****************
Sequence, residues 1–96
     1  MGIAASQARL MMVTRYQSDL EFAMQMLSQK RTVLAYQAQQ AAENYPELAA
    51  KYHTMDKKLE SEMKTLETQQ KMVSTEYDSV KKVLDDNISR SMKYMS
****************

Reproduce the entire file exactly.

Sequence, residues 1–96
     1  MGIAASQARL MMVTRYQSDL EFAMQMLSQK RTVLAYQAQQ AAENYPELAA
    51  KYHTMDKKLE SEMKTLETQQ KMVSTEYDSV KKVLDDNISR SMKYMS